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October 16, 2020, 11:39 
turbulent flow in steady state

#1 
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dilaw meda
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hi ,i have 2 questions:
1 when performing a numerical study for a turbulent jet using Rans , why can we do hypothesis that the flow is simulated in staeady stade when we know that turbulence is insteady ? 2 numerical models are used because of the closure problem that appears when Reynolds avreagin ? but why we do reynolds avreaging in the first place ? cordially 

October 16, 2020, 13:21 

#2 
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Today, we still typically don't have enough compute power, nor an economically valid reason, to perform a full 3D, unsteady, simulation of a turbulent flow.
So we have to use a method to, somehow, reduce the dynamical complexity of the NavierStokes equations (i.e., reduce the grid and time step size required to simulate them). There are several such methods, among which the most used ones are spatial filtering,that leads to LES, and Reynolds averaging, that leads to RANSURANS. URANS is too complex to discuss here in brief, so let's just say that RANS has the advantage of greatly reducing the complexity because it is based on a time average and you can also exploit several symmetries in your simulation. That is, a RANS field requires the smallest amount possible of grid points for a given flow, and it is steady, so you don't need time integration. Of course, all of these advantages have a cost. RANS, URANS, LES and others remove some information from the simulated flow and, as the flow dynamics is nonlinear, removing that part is not ideally possible. We typically take care of this with models (which I would more likely call physical rather than numerical), but with alternate fortunes. And note that there is no perfect model out there awaiting, it is just a cost we need to take.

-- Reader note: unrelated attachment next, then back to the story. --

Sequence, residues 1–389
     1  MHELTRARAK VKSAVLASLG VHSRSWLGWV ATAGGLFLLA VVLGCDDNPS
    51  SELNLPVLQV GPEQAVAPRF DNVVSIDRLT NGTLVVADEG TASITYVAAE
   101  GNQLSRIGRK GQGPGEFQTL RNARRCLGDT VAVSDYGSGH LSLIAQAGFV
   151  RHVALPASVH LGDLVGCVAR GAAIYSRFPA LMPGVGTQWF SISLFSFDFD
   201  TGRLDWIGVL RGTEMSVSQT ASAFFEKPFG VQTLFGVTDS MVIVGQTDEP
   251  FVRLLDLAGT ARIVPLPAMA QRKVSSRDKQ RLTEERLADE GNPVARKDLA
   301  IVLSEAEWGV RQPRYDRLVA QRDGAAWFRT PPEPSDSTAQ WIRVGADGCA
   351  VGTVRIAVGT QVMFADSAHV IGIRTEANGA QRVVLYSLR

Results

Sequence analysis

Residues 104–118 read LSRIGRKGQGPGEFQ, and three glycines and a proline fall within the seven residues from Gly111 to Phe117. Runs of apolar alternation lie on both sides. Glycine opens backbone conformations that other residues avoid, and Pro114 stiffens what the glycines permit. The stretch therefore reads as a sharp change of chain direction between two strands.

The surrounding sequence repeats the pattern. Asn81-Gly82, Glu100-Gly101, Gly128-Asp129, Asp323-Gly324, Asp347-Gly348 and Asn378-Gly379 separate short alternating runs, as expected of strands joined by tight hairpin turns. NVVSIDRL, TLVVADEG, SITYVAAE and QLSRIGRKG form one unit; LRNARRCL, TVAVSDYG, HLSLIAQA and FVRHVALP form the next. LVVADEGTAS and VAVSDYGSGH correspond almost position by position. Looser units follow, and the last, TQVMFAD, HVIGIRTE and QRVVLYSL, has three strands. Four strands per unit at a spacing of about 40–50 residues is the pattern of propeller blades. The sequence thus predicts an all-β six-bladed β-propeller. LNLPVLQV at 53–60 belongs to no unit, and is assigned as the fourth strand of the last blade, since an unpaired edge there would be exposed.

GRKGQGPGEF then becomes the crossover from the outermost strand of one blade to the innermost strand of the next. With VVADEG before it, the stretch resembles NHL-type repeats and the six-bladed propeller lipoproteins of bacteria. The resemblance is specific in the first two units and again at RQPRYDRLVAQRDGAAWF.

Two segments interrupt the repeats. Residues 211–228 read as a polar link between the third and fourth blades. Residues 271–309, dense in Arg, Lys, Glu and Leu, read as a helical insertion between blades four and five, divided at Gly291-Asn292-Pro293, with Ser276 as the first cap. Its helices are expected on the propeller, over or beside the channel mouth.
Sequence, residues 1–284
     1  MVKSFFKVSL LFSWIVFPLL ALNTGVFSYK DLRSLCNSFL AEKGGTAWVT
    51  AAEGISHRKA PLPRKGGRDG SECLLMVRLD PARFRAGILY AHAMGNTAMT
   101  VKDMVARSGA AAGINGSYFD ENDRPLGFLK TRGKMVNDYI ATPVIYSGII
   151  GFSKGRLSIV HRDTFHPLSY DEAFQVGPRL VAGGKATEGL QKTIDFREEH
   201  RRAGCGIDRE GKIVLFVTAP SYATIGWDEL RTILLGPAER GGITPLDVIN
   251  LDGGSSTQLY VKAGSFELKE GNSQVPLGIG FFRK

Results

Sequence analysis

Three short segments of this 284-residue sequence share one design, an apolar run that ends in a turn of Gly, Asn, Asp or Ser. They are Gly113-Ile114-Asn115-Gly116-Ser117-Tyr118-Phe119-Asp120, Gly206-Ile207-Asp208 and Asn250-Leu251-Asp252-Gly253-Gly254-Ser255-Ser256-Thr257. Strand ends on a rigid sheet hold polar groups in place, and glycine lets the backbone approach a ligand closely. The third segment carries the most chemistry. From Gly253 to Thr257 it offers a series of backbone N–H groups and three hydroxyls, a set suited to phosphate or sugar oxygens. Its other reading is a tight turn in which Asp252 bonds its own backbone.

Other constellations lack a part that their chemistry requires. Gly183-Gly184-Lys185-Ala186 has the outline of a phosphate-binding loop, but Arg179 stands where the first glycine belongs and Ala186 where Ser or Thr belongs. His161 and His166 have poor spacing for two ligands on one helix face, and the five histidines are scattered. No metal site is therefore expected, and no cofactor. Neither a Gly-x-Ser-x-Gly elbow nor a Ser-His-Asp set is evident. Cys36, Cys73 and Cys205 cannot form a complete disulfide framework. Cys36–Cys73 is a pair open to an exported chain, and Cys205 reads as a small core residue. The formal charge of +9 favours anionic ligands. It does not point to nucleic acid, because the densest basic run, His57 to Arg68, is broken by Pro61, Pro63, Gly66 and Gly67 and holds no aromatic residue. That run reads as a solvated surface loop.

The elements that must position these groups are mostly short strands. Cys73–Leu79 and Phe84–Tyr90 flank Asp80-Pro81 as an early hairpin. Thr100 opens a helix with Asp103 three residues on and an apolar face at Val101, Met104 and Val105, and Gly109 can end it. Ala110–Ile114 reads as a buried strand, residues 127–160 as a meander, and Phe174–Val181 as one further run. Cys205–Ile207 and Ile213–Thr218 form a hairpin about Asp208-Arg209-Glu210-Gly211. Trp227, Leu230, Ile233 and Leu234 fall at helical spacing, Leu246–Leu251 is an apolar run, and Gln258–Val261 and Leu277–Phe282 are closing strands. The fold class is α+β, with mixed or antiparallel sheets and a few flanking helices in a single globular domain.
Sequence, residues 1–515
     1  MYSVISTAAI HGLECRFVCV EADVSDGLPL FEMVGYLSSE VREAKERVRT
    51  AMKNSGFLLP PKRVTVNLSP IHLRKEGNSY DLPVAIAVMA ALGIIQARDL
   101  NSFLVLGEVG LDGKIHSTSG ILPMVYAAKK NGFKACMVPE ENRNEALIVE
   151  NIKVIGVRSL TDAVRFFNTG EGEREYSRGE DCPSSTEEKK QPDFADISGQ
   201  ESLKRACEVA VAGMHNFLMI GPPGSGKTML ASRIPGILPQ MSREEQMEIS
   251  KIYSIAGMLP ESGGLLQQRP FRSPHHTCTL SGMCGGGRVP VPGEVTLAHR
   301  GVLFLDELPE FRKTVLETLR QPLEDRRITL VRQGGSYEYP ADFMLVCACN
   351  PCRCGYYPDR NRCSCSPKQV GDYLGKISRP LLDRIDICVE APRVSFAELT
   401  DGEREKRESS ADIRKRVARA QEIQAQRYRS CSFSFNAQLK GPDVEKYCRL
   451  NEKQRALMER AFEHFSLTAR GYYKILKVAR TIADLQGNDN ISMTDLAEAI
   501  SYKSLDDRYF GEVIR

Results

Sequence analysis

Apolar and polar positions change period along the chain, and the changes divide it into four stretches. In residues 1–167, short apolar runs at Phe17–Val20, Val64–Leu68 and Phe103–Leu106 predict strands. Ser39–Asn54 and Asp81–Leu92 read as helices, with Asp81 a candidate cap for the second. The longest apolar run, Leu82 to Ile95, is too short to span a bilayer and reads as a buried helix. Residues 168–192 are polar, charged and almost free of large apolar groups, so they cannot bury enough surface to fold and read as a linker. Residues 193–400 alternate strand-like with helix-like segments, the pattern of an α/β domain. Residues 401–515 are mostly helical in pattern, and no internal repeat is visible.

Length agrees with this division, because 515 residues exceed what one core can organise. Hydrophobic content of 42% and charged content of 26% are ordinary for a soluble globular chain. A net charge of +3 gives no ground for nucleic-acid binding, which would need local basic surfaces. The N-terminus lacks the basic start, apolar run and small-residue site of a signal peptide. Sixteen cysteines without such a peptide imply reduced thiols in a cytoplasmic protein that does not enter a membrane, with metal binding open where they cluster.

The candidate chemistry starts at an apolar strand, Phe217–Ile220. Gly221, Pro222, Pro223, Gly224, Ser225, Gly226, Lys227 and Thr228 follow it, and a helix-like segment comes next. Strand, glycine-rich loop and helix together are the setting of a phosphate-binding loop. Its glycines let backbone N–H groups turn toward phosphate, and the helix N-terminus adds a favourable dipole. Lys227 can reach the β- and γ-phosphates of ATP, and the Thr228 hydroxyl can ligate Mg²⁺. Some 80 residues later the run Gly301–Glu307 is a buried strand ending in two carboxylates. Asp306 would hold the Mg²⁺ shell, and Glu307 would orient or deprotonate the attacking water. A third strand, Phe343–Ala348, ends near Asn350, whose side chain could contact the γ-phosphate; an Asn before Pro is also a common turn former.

October 16, 2020, 15:05 

#3  
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Filippo Maria Denaro
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Quote:
Turbulence is unsteady and 3D of course but the key to using RANS is about the physical behavior of the mean. If the flow is "statistically" steady (the mean does not depend on time) you can use RANS. A very rude example: the function sin(t) defines an unsteady behavior but the mean is a constant (here is zero). 

October 16, 2020, 15:51 

#4  
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dilaw meda
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Quote:


October 16, 2020, 16:30 

#5 
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Filippo Maria Denaro
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October 16, 2020, 16:42 

#6  
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dilaw meda
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Quote:
I did the numerical study usigne Rans models, and the results of SST kw was in good agreement with experiments (max difference was 11% for velocity and for 7% temperature). I know that i will be asked why did i choose ''steady state'' in fluent and i have no answer for that, this is why i am searching informations in this amazing forum wich helped me a lot several times. 

October 17, 2020, 10:09 

#7  
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Quote:
Now, if your boundary conditions (which include the geometry of the boundary itself) for the solved scales are steady, guess what, there are great chances (and justification to assume) that your case is steady. There is certainly an exception with flows around bluff bodies. But one could argue that that sort of instability actually starts at scales that shouldn't be present in the simulation in the first place. 

October 26, 2020, 07:28 

#8 
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Turbulence is unsteady and 3D of course but the key to using RANS is about the physical behavior of the mean.
snaptube vidmate word to pdf Last edited by blancot; October 27, 2020 at 14:05. 

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flow, rans, reynolds, steady state, turbulent 
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